Table of Contents:
- Round bales at 200 miles per hour
- Thinking ahead at least one or two steps pays big dividends.
- Thoughtfulness usually pays. Sometimes it pays retail.
Iowa farmer Jeff Ryan tackles a major baling project.
If you're the guy running the loader tractor who has to load those assembled bales onto a trailer, do some math. Your bales are about five feet wide and five feet high. The trailer is 8'6" wide and 26' long. Your tractor is closer to 8' wide. If your 5' bales are stacked next to one another, you have to drive into your bale, then back up and move over before you can drive forward to place the bale on the trailer before you do the lather-rinse-repeat spiral of death. If you keep them three feet apart, you can drive into the bale and put it right onto the trailer in one forward motion. Get a trailer driver who can move it ahead the proper amount as you load and that process goes by in a big hurry with no stress. (My Uncle Dean should drive every trailer, if it were up to me. Best guy in that job EVER. When we'd put him in the Ranch Hand, he'd park exactly where he should every time and then he'd back up for the last bale to be placed on the flatbed behind the cab so the loader operator didn't have to do some twelve-point turn to move that far.) With the right guy on the loader and the trailer, we could get a load ready and moving in five minutes or so. The round baler was kicking out a bale in as little as every 63 seconds in some fields, so we needed to keep the whole process moving, literally. This wasn't a handful of loads. This was 100 or 125 loads. Shaving three minutes from the load time adds up. Adding four minutes makes it feel like an eternity, too.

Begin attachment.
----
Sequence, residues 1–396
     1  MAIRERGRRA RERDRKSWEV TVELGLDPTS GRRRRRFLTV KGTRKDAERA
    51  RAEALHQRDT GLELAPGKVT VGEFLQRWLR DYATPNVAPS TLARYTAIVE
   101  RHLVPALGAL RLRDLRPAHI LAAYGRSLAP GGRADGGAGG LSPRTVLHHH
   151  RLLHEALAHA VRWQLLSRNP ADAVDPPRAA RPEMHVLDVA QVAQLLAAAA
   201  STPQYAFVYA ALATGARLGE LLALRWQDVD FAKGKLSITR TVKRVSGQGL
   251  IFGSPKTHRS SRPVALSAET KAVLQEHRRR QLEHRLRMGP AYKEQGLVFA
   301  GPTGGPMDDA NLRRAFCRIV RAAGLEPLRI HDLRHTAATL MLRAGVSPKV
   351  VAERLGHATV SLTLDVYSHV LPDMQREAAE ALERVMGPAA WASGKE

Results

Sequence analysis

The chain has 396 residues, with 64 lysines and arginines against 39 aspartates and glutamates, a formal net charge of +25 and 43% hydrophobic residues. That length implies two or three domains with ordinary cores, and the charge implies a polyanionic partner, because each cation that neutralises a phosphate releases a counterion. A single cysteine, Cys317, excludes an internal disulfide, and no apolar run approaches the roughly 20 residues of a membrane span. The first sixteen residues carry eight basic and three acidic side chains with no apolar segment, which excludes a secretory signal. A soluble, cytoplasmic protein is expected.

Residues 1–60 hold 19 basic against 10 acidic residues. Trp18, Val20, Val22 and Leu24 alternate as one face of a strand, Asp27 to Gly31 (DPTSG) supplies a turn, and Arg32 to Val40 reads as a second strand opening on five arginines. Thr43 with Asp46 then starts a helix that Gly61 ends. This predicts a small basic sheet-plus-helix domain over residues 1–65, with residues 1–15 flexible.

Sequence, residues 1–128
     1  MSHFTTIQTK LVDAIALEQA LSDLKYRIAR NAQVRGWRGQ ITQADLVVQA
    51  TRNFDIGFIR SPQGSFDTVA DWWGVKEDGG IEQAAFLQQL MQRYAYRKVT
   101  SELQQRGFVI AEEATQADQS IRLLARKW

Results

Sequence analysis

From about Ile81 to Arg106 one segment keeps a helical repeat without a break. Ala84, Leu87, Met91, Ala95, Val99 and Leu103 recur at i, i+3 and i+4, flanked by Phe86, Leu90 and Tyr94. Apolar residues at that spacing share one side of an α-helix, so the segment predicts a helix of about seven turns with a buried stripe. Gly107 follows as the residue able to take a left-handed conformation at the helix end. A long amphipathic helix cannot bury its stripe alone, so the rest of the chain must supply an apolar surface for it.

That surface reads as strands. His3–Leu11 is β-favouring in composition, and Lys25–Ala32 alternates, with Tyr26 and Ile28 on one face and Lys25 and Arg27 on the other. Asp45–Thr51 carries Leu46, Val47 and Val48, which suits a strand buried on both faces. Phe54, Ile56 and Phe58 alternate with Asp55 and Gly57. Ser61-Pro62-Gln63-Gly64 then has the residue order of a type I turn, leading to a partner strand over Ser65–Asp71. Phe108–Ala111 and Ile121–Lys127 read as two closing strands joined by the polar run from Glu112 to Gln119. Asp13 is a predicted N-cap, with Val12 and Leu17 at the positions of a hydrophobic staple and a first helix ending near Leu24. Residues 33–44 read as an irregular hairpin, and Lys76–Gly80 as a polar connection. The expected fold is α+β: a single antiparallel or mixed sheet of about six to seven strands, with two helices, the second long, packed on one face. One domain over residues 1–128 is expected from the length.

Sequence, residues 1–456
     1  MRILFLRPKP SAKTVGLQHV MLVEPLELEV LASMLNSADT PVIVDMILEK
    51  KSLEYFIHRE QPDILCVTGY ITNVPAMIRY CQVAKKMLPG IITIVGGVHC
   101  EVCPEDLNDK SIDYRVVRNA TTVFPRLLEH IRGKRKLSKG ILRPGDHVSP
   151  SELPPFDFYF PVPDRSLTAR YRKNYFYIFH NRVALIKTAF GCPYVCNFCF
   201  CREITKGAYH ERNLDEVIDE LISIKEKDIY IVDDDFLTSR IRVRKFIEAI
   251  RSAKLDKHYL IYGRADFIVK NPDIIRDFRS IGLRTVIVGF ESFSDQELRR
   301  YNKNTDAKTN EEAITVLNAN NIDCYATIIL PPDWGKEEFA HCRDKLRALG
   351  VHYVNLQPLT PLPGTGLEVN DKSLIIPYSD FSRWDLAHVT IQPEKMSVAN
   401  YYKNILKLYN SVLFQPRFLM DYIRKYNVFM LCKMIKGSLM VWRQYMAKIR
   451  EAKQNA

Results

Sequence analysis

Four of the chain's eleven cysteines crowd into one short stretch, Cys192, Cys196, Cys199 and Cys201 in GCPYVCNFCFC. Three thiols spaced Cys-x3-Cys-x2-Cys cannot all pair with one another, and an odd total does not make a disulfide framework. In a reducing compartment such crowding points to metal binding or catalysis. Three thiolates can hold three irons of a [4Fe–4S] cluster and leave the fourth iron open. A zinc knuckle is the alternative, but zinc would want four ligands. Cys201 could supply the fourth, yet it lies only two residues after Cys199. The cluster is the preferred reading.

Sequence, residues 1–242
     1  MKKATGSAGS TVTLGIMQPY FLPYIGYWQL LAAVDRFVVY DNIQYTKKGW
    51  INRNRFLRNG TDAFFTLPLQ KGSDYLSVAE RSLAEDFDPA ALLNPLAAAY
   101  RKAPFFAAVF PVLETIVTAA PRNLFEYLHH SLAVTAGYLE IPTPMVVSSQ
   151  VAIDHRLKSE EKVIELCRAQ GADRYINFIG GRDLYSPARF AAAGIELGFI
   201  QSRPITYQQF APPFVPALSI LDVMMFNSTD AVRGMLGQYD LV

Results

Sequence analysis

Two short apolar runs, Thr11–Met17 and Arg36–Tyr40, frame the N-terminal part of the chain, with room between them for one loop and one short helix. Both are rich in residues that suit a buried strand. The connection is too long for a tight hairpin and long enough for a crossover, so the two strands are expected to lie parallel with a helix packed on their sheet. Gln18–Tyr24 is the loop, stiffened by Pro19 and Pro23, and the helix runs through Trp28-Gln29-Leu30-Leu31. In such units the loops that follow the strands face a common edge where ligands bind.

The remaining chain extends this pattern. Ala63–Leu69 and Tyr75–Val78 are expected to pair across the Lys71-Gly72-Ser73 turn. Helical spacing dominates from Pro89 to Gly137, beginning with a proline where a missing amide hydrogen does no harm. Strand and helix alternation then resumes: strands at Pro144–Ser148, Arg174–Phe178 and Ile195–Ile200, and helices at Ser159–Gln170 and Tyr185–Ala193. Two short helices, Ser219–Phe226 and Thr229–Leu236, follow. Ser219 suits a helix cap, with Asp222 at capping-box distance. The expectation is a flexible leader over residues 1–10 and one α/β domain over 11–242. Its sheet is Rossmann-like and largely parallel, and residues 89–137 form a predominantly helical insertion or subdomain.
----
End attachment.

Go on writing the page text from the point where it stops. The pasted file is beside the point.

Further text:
Then there is the story problem when you get back to the yard. Where do you park all of the bales until they are handed over to The Wrapper, Dr. Hay, for his artistry? A willy-nilly, hodge-podge assembly doesn't work that well when you have a slug of bales to do in short order. A straight line presents another problem. If you have the wrapper at the spot where the bales will be in their final position, you need to figure out how long the line will be when that row is done. Most of our rows were going to be somewhere around 50 to 60 bales long. At 5' per bale, that means it's about 250 or 300 feet from the beginning of the row to the other end. The Wrapper, Dr. Hay, can wrap a bale in about 45 to 60 seconds. So I need to park my bales in such a way that I can get at them easily and transfer them from the stack to the wrapper in less than 45 seconds. If you put 50 bales in a row parallel to where they will be wrapped, and you start at the same end as the wrapper, you'll be hauling a bunch of bales almost the full length of the row (in both directions) before you're done.
Solution? Think about The Bangles. Walk like an Egyptian. Put your bales in a pyramid of sorts! That allows you to store bales going horizontally and vertically, and it still enables you to store a bunch of them close by, ahead of time, without being in the way of the wrapper. The only limits on space are how high you can reach to get bales off the pyramid when it's time to feed the wrapper.
Put that pyramid at the proper angle and you can even simplify the parking and unloading process for your trailer staff as they come into the bale staging area. Parking at an angle to the pile allows the guy in the skid loader to make more general forward and back motions with his machine than if the trailer is perpendicular to the pile.
I learned that when I delivered hay to a horse customer years ago. It was just late enough in the winter that his yard was still soft. My trailer had both his hay and my skid loader on it. (Yes, class, that's called full service. You can bill for that accordingly.) I took his bales off the trailer and made general turns with the skid loader instead of 180 and 360-degree doughnuts like most skid loader operators do. His yard looked untouched when I was done. He said his dad usually left a bunch of ruts and berms all over the place when running the skid loader to unload hay if he wasn't around to do it himself.